PARAGUAY, GERMANY, FR Leonhard Erhard •
“I was already curious and am enthusiastic when I recall my experiences of the prison pastorate in the diocese”: The German version of the website of Casa Madre de Tuparenda was hardly on line before the first visitor announced himself. Fr Leonhard Erhard (retired) had celebrated his 80th birthday a few weeks before. We asked him for “more”. Here is his comment …
While I was working for Caritas, the prison pastorate was one of the pastoral areas, and among the institutions there was also the prison for young offenders in Niederschönefeld in the buildings of a secularised Cistercian monastery. While I read the policy of Casa Madre de Tuparenda I noticed a number of details:
Not quite alone
The whole facility is designed to resemble free family life. It was a joy for me, because of the contrast with a 16-year-old lad who was alone in his cell, and who was occupied with punching out parts for the heels of women’s shoes for a shoe factory. Still today I can hear his heartrending plea to be taken out of his isolation and from having to work on his own. My impression was of a weak personality who needed a clique, and who had landed in prison with other members of that clique. Helpless on his own, he was incarcerated on his own, and for the prison personnel the only thing that mattered was for things to happen without any problems. This enabled me to see with joy the completely contrasting basis of this project for the maturation of young men.
Rescue and strengthen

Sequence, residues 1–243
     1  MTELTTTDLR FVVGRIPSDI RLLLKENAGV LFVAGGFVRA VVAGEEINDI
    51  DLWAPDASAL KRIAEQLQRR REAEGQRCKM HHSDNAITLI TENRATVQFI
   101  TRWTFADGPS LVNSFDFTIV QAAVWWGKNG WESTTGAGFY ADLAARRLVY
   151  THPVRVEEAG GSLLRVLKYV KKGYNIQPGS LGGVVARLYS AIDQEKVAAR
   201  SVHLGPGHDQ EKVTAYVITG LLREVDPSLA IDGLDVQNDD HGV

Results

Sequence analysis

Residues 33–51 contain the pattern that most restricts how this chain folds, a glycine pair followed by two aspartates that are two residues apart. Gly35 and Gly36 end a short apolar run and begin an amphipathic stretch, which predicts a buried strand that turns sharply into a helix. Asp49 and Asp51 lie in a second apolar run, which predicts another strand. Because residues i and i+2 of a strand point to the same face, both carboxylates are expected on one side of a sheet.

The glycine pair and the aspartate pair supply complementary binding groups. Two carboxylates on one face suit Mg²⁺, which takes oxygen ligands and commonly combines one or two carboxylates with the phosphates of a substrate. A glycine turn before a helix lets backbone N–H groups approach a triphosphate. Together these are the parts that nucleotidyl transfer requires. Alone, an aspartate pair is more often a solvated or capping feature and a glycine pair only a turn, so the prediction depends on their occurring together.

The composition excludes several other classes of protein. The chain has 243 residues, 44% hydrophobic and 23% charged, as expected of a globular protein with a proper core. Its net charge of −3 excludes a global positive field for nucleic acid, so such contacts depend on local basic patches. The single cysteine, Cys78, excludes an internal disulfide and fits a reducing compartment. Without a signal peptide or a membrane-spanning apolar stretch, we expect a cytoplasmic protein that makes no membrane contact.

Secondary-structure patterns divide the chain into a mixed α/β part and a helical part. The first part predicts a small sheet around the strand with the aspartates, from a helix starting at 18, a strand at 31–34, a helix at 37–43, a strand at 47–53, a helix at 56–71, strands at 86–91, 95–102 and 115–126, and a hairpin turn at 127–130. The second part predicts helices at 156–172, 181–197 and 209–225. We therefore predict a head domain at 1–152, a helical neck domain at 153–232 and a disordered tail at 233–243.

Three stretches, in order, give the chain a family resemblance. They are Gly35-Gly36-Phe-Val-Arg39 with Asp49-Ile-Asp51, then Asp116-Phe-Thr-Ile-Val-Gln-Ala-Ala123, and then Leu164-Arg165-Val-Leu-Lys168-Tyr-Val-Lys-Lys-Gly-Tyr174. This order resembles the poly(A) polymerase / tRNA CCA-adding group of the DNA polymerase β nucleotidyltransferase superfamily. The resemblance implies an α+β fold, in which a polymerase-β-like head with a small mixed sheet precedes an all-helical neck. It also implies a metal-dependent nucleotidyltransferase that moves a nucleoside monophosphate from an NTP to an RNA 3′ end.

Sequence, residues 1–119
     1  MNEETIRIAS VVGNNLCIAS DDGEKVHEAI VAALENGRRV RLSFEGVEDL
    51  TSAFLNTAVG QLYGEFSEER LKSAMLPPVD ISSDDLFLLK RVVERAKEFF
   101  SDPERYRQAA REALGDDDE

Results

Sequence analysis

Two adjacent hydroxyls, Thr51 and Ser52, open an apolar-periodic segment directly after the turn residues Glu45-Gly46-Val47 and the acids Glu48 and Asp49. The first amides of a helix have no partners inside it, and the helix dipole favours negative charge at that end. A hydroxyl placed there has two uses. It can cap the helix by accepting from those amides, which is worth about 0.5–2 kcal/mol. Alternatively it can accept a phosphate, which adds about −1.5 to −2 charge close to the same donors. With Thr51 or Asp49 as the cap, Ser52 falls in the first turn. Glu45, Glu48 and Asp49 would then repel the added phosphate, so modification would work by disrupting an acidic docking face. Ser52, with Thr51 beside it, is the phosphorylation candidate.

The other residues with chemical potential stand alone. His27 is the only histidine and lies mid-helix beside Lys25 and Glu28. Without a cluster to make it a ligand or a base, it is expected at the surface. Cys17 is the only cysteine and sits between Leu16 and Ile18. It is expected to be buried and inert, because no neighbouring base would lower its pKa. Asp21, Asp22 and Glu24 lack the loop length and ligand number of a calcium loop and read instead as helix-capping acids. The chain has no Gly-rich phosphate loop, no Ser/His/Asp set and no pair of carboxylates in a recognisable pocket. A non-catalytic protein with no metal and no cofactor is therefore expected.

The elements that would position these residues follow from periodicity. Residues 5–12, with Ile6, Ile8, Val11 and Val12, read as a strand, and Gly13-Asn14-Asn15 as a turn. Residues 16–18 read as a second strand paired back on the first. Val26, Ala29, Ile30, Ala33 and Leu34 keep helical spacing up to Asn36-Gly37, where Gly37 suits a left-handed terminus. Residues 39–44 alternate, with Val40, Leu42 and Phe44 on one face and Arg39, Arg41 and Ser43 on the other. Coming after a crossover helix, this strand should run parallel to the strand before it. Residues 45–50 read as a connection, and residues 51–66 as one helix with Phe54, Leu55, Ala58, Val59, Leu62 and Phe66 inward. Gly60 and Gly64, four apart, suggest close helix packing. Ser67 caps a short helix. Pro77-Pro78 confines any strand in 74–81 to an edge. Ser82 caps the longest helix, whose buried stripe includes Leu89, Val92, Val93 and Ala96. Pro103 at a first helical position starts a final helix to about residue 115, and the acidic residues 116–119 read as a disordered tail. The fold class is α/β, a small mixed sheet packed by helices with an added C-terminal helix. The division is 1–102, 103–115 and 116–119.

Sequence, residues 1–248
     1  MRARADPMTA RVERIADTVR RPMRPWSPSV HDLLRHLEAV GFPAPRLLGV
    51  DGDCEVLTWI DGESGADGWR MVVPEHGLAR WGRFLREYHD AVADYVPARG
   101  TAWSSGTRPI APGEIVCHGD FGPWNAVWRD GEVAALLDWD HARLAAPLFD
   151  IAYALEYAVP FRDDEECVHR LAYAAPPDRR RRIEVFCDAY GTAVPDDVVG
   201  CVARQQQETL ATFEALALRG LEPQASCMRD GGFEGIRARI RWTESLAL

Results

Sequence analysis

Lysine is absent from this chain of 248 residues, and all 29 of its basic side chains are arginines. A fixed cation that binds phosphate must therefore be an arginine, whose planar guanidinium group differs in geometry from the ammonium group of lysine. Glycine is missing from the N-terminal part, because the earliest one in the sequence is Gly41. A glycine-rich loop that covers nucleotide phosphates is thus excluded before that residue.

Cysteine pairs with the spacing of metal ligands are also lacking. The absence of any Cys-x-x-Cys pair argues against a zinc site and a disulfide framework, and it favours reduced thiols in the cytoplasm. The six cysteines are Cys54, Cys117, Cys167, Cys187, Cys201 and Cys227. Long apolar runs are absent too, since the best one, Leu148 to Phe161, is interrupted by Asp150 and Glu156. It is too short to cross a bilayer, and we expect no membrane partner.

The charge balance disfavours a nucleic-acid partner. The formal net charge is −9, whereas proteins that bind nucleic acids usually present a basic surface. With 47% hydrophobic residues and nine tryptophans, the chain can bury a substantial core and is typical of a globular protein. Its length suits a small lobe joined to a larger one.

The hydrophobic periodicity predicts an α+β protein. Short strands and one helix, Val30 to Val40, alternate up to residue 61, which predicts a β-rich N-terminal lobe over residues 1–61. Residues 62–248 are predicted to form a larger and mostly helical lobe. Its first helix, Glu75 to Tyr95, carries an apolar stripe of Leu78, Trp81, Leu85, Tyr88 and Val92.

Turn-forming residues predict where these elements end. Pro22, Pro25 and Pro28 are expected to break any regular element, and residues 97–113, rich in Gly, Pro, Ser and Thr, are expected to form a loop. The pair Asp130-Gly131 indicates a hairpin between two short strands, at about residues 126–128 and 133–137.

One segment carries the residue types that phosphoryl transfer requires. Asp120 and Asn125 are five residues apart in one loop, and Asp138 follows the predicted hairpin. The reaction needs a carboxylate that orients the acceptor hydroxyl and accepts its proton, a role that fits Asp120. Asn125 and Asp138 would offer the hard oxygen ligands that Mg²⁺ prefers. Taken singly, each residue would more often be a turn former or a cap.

As an institution with a family spirit that picks up young offenders it offers optimal conditions I would have wished another young lad. The judiciary offered him early release on account of good behaviour, and the prospect of stabilisation if he came into good surroundings after his prison sentence. When his family was asked, his mother totally refused to be bothered with the good-for-nothing in their family. They wanted their peace.
Since there was no other agency I had to tell him this, which still chokes me, and makes me all the happier that this project has precisely the opposite attitude and is designed to rescue just such young men. The opportunity offered by the judiciary for an early release could have been an incredible incentive for that young man’s stability, but the mother’s need for family harmony killed it in the bud.
Even if that is a negative example, I am happy that on the peripheries of our prosperous world such conditions for life exist and the wounds inflicted on a soul can be healed.
Then the electricity failed
When I surveyed the job possibilities from gardening to baking, etc., I remembered some news that arrived in the Caritas office. During his time in prison a young lad trained as a baker in the relatively simply equipped prison bakery. While it was usually difficult to accommodate the people in an acceptable business after their release (because there were terrible consequences if they were abused somewhere as workers), we quickly found bakeries which needed workers, because there is a permanent lack of applicants. A sudden blackout immobilised this hi-tech business for a few hours. The former offender was the only one who could carry on working. It gained him the immediate respect and appreciation of everyone, and a gain in his own self-esteem that contributed to an incredible stabilisation of his whole personality. For him it was a tremendous joy, which he felt he had to share with us, because he wanted to confirm that he had not made us look foolish.
This confirms the design of a project with such possibilities to learn professional abilities in a simple form, so that the lads can feel strong and secure when the average consumer of our automated society feel helpless.
Original: German, 10.03.2019. Translation: Mary Cole, Manchester, England